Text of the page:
Semiconductor devices, such as microprocessor chips, memory chips, and a large number of other similar devices are generally manufactured from wafers, or thin round disks, of a semiconductor material such as silicon. The wafers undergo a large number of manufacturing steps, including cleaning steps, typically performed by rinsing and drying, as well as other processing steps where various chemicals in the form of liquids and/or gases are applied to the wafers.

Centrifugal processing has been used for many years, to perform certain steps in the manufacturing of semiconductor devices. Centrifugal processing is generally carried out in a centrifugal processor having a rotor for holding the wafers within a process chamber. Spray manifolds spray process liquids or gases onto the wafers. The rotor is rotated at high speed, at certain times during the centrifugal processing. This rotation of the wafers provides more uniform distribution of the process chemicals onto the wafers, as well as removal of liquid chemicals from the wafers, via centrifugal force.

Centrifugal processing may also be used with other devices manufactured from or on a flat substrate. These devices include photomasks and other optical devices, memory disks and media, and similar substrates. These various flat media are collectively referred to here as "semiconductor wafers".

Semiconductor wafers are manufactured in a highly specialized factory or fabrication facility known as a "fab". Due to the extremely high costs of building and operating the fab, manufacturing efficiency or throughput of wafers is very important. As a result, there is a need for machines and methods for providing faster or more efficient wafer processing. In addition, wafer processing in the fab requires use of various chemicals which may be costly to buy, and which require special handling after they have been used. As a result, there is also a need to reduce the amount of process chemicals required in processing semiconductor wafers.

Accordingly, it is an object of the invention to provide improved apparatus and methods for centrifugally processing semiconductor wafers.

STATEMENT OF THE INVENTION To these ends, in a first aspect of the invention, a centrifugal semiconductor wafer processor has a rotor within a process chamber. The rotor is designed to hold two cassettes containing wafers. The rotor has a back or first cassette position, towards the back of the rotor, and a front or second cassette position, towards the front of the rotor. The processing capacity of the centrifugal processor is increased (by a factor of 2), by providing positions in the rotor for two cassettes.

In a second and separate aspect of the invention, the rotor has a pair of spaced apart lower cassette support tubes or rails, and a pair of spaced apart lateral cassette support tubes or rails, attached to a front ring, a center ring, and a back plate. The first or back cassette position, for holding a first cassette, is formed approximately between the back plate and center ring, while the front cassette position, for holding a second cassette, is generally formed between the center ring and front ring. The lower cassette support tubes preferably extend continuously from the front ring to the back plate. A first cassette is loaded into the rotor and moved towards the back of the rotor until the first cassette contacts a stopping surface. The front or second cassette is then loaded into the rotor and moved toward the back of the rotor until the front cassette contacts the back of the first cassette. As a result, the centrifugal processor can hold and process an increased number of wafers, within a single processing cycle. In a third and separate aspect of the invention, the lower cassette support tubes support lower sidewalls of the cassettes. The lateral cassette support tubes preferably support an upper surface of the cassettes, so that the cassettes are secured into position within the rotor. The cassettes can be quickly and easily loaded into and removed from the rotor. The cassettes are secured into position within the rotor by the support tubes, without any need for moving, securing or supporting components.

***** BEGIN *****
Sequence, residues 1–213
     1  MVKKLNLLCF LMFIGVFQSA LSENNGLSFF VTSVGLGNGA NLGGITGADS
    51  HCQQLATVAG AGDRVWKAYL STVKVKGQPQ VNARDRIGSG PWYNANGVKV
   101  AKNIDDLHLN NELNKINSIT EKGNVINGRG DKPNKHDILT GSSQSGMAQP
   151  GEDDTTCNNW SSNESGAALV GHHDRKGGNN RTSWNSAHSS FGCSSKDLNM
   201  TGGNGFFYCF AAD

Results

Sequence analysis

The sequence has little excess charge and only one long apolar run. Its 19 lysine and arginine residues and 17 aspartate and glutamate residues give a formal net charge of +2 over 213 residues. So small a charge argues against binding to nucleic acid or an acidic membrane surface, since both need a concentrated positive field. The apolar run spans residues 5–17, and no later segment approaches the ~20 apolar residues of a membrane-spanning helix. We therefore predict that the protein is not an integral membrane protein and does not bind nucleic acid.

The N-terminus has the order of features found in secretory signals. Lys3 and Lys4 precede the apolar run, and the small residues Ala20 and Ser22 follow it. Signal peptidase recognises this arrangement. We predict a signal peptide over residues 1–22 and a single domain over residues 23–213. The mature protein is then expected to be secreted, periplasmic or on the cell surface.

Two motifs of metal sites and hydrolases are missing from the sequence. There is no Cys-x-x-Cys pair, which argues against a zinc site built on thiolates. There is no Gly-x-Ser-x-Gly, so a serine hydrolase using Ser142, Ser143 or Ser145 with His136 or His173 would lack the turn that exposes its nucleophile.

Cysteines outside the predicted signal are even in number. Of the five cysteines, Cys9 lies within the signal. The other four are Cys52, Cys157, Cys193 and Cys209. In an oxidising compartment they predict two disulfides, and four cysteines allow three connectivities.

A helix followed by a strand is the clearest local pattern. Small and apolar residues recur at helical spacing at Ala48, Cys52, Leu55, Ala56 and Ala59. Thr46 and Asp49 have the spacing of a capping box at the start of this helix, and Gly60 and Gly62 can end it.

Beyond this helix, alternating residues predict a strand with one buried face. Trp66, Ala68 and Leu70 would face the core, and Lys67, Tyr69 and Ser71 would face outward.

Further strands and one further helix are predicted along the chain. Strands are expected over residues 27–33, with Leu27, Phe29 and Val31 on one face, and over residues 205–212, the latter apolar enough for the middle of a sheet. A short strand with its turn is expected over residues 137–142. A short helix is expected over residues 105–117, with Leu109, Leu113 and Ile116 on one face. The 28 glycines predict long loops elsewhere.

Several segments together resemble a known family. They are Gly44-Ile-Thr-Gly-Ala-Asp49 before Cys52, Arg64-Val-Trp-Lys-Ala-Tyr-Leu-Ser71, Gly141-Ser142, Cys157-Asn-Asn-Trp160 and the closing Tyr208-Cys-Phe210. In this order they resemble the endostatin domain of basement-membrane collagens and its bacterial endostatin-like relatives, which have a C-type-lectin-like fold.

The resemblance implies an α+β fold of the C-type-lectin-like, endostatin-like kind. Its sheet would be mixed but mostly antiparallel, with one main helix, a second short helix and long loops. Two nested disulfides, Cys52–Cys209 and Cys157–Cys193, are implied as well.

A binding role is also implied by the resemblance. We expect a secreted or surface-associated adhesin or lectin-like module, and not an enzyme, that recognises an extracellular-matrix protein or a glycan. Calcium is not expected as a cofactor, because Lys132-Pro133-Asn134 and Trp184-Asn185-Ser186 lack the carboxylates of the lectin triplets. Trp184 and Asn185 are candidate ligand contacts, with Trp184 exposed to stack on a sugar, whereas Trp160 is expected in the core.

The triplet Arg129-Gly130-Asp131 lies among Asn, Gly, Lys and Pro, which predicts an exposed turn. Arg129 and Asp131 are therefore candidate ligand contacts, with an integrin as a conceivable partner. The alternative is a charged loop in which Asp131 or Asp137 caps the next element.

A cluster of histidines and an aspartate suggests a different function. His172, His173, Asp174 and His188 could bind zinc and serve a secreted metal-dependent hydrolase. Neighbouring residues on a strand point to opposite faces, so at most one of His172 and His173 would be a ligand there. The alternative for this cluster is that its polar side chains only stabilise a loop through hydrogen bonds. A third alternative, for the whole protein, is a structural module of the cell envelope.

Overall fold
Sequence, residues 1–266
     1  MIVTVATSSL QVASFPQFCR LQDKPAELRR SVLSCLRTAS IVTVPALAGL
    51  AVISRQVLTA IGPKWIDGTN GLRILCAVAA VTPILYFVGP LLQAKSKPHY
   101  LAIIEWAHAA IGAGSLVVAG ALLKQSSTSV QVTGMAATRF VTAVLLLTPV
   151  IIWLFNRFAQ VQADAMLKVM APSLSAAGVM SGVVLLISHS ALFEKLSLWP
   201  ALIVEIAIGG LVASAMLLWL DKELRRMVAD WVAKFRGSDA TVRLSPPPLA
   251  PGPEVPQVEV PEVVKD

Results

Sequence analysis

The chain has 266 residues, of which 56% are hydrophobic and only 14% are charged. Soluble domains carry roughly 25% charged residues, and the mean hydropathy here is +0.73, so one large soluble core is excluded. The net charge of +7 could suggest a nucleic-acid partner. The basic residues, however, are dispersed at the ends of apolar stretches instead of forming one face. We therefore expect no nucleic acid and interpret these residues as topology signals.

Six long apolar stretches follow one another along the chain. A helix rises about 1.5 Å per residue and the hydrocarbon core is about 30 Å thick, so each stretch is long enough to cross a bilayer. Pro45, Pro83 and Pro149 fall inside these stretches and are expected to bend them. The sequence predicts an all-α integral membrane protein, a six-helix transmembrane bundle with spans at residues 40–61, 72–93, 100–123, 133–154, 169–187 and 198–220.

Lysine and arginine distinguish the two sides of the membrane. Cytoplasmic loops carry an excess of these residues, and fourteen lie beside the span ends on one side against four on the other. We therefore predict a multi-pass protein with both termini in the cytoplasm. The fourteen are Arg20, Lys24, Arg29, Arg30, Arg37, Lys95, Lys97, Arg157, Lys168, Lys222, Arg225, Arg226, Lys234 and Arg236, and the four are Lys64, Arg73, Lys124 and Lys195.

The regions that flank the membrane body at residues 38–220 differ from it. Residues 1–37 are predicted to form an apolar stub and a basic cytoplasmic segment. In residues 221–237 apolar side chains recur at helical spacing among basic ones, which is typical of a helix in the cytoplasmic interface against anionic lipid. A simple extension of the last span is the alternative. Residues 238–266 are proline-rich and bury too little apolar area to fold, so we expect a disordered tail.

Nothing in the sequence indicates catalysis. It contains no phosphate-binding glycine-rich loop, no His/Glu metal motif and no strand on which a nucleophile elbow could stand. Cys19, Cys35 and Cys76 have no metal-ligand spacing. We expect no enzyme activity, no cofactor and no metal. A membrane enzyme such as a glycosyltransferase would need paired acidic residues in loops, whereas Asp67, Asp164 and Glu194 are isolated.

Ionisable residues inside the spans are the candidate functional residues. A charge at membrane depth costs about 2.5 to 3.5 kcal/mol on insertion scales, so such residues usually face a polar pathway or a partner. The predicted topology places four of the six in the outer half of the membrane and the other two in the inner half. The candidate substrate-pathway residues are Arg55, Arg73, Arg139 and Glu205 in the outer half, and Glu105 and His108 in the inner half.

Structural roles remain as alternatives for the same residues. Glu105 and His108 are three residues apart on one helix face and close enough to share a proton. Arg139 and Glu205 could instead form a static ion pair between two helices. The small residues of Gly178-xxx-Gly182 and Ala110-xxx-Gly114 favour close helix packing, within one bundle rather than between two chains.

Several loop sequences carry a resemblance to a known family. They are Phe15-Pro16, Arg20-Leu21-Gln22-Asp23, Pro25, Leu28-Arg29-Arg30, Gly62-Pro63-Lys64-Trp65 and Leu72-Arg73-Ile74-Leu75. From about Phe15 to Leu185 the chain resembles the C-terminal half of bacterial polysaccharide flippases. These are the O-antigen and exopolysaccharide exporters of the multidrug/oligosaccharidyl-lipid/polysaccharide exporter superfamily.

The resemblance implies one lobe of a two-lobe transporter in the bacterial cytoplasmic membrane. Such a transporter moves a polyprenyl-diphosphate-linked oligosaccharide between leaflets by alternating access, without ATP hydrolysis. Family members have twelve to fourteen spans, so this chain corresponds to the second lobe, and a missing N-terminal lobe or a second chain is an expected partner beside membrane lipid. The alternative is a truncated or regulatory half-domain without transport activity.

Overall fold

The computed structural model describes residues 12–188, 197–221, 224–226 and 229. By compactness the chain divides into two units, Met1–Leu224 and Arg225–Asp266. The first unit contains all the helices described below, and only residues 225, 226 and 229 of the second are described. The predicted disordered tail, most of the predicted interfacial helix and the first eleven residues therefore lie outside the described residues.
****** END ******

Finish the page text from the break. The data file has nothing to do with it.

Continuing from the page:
A centrifugal processor holding three or more cassettes may also be achieved using the inventive principles described. The invention resides in the described features, as well as in subcombinations of those features. Other objects and advantages will appear below.

BRIEF DESCRIPTION OF THE DRAWINGS In the drawings, wherein the same reference number indicates the same element, throughout the several views:

Fig. 1 is a perspective front, top, and right side view of the present centrifugal processor.

Fig. 2 is a top, back, and right side perspective view of the centrifugal processor shown in Fig. 1. Fig. 3 is the same view as shown in Fig. 2, but with cabinet panels removed, for purposes of illustration.

Fig. 4 is a front perspective view of the process chamber assembly shown in Fig. 3. Fig. 5 is a rear perspective view of the process chamber assembly shown in Fig. 4. Fig. 6 is a section view of the process chamber assembly shown in Figs. 4 and 5, and taken along line 6-6 of Fig. 5.